So now the second half of Documenta 14 has opened. And the first question that arises is whether Kassel has succeeded in connecting to the opening of its first ‘chapter’ in Athens – whether, and how, the lines of questioning posed in Athens continue in the second instalment.
Kassel’s many works in the public space already affirm this question – these sculptures and installations continue the artistic confrontations with topics like ‘the endangerment of democracy’ ‘neoliberal globalisation’ and ‘refugee crisis’. Marta Minujín’s Parthenon of Books (1983/2017) for example, is a scaffold that recreates the Parthenon in Athens at a one-to-one scale. This scaffold is now meant to be filled with books that are or were censored, donated in part by viewers of Documenta 14. Banu Cennetoğlu’s intelligent installation on the Fridericianum facade deals not with the global degradation of fundamental democratic rights, but rather with the ambivalent relationship between security and threat. The Turkish artist has placed the seemingly paradoxical sentence ‘Being safe is scary’ in large metal letters on the building’s portal. Ibrahim Mahama addresses economic structures of neoliberal globalisation and their effects on third-world countries by wrapping Kassel’s historical Torwache (gate watch), whose two towers are now essentially camouflaged in sewn fabric. The work, titled Check Point Sekondi Loco. 1901–2030. 2016–2017 (2016–2017), simultaneously tells of production and trade in our current phase of capitalism – the jute sacks wrapping the structure are made in Asia but are meant for packaging coffee, cocoa and rice in, for example, Ghana; commodities that then get exported to Europe, America and elsewhere. In Athens, Mahama placed these sacks temporarily on Athens’ Syntagma Square (also known as Constitution Square), which in the past few years has been the centre of resistance against austerity measures implemented upon the Greek government. Olu Oguibe discusses the refugee crisis with his concrete obelisk Das Fremdlinge und Flüchtlinge Monument (Monument for strangers and refugees, 2017), onto which, in four languages, the artist has written ‘I was a stranger and you took me in’ – a modification of the phrase ’I was a stranger you took me not in' attributed to Jesus Christ in the Bible’s book of Matthew. All of these works are nearly monumental, yet still loaded with political meaning and are thus convincing examples of ‘critical populism’ – a kind of art which is both easy to understand and critical engaged.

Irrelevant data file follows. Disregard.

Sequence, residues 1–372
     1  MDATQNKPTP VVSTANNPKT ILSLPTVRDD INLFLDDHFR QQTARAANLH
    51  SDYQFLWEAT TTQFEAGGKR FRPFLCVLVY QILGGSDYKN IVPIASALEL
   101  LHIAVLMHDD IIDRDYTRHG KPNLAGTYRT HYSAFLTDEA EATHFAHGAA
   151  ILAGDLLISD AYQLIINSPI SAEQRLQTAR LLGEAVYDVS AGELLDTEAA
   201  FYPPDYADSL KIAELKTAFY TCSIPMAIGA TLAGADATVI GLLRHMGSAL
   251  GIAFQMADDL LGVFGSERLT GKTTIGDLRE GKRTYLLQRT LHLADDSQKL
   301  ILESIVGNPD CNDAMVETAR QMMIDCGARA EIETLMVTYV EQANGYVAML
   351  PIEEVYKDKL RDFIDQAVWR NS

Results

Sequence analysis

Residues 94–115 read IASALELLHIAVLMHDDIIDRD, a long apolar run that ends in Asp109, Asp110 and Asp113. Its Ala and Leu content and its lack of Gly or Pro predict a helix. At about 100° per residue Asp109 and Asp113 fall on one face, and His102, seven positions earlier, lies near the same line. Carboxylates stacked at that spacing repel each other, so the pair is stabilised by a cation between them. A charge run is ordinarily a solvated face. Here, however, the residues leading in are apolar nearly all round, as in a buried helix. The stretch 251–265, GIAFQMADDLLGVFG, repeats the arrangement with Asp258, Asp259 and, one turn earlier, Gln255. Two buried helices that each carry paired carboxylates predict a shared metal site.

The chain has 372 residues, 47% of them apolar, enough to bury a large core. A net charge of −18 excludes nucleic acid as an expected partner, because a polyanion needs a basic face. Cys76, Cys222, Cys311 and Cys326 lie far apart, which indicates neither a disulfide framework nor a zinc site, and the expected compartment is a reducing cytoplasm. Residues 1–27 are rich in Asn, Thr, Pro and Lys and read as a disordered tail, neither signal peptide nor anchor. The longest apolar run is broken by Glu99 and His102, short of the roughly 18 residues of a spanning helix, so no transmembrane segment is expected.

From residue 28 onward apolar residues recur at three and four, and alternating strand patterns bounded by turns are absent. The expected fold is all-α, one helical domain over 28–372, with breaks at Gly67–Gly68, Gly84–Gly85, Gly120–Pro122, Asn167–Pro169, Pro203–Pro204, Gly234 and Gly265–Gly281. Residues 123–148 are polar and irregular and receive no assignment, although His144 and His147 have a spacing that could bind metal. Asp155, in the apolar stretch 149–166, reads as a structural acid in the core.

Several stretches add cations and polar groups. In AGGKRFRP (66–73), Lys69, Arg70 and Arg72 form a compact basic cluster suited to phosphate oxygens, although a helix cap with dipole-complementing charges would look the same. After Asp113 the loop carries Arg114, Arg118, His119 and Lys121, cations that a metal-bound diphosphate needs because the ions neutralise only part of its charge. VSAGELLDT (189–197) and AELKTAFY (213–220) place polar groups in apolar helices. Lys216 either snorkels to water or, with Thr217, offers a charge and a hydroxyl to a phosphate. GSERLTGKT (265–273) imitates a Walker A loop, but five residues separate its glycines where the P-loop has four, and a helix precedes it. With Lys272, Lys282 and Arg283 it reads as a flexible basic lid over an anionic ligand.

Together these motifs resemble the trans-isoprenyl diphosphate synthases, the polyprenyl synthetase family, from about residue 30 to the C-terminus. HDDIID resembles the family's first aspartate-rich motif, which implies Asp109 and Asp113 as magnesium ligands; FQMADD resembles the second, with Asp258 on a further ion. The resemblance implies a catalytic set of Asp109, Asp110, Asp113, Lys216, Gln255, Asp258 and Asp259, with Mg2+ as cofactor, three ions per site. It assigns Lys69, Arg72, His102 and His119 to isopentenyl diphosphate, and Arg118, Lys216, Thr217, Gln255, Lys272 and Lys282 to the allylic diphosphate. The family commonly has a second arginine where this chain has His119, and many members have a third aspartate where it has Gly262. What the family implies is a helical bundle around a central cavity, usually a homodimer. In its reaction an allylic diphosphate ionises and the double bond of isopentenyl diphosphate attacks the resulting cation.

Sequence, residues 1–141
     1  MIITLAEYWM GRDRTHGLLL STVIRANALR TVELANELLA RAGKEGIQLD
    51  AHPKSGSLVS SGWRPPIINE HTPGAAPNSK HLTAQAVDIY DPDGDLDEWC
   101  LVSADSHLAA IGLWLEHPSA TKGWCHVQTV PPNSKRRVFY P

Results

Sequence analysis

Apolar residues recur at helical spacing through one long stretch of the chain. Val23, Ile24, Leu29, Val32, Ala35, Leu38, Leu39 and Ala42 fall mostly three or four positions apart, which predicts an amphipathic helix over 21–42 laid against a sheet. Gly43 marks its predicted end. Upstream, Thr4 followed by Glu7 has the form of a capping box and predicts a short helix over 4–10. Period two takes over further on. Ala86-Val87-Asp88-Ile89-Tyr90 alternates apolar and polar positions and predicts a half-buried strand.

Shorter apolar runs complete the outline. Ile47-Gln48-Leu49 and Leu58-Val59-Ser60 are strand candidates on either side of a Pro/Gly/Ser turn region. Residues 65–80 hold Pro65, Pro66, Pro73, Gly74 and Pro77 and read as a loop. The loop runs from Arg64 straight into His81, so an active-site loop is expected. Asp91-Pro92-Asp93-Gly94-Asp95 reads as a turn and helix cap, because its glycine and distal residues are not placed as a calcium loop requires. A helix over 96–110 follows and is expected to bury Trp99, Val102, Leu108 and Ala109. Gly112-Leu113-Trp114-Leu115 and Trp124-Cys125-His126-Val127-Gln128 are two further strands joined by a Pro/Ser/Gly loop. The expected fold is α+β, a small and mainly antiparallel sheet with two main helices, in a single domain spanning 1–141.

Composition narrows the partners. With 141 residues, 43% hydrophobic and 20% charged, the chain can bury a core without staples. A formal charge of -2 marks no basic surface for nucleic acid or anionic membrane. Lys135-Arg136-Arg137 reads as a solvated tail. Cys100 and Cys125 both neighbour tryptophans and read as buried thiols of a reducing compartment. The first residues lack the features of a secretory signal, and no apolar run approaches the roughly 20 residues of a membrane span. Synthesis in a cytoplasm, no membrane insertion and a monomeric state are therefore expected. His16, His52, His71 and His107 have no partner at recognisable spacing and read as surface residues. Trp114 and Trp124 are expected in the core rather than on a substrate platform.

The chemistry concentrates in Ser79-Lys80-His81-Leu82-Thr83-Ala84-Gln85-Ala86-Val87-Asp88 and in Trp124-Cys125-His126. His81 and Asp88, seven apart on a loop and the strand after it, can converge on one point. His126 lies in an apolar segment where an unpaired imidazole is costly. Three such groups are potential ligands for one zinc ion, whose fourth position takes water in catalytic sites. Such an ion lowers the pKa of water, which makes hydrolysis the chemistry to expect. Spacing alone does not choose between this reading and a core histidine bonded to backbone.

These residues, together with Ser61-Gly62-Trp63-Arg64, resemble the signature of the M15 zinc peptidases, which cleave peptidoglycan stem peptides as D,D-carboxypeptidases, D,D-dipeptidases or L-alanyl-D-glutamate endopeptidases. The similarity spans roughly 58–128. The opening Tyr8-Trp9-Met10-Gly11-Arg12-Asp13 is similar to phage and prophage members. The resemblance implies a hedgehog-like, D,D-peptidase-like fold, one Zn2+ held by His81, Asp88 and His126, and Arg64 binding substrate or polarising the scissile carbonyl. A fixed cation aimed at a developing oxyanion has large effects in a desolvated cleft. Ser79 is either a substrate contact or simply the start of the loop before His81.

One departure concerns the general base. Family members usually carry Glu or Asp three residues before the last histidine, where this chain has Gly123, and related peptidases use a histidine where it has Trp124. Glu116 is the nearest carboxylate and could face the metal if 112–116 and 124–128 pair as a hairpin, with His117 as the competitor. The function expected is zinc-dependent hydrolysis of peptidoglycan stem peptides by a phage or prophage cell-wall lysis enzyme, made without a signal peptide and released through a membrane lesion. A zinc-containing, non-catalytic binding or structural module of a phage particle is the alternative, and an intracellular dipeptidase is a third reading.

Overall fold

Ibrahim Mahama, Check Point Sekondi Loco. 1901–2030. 2016–2017, 2016–17, various materials, Torwache, Kassel, documenta 14. Photo: Ibrahim Mahama
At the Fridericianum, Documenta’s central and tradition-laden exhibition hall, curator Adam Szymczyk has invited the National Museum of Contemporary Art in Athens (EMST) to present an exhibition drawn from its permanent collection. On view here is the exhibition curated by Katerina Koskina, the director of the Museum, displaying works by established artists such as Jannis Kounellis and Jan Fabre, alongside with works by Greek artists less well-known to international audiences and younger international artists like Emily Jacir or Oliver Ressler. This collection has never been on view; in Athens there’s not enough funding to do so. So instead of engaging in a kind of cultural imperialism (which this Documenta has been accused of) D14’s temporary move of the Greek collection to Kassel helps grant it visibility – a smart gesture by Szymczyk, which shows that exchange can consist of more than mere networking to one’s own advantage.
Maria Eichhorn, Unlawfully acquired books from Jewish ownership, 2017, installation view. Photo: Mathias Völzke.© Maria Eichhorn/VG Bild-Kunst, Bonn 2017
In Kassel’s Neue Galerie is another unique selling point of this leg of D14. Here, one theme arises that was not on view in Athens, namely the question of German National-Socialist history and its long-lasting (and still present) effects in Germany, issues still often taboo and largely repressed in mainstream German discourse. A crucial work in this context is Maria Eichhorn’s installation Rose Valland Institut (2017), which interrogates the property issues behind things that once belonged to Jewish people. In the centre of the installation is a six-metre-high bookshelf containing books from the Berlin state library. These books have two things in common: Nazis confiscated them from Jewish citizens, and their true owners have still not been identified. Additionally, Eichhorn launched ‘Open Call: Unlawful Ownership in Germany’, with which she instigates a search for objects that the Nazis plundered. The Rose Valland Institute is perhaps not particularly exciting in the sensual, aesthetic sense, but the work embodies an astonishing degree of critical engagement – typical for this Documenta, which successfully continues to reflect on politically urgent questions such as the refugee crisis, neoliberal globalisation and rightwing politics.
Online review 13 June 2017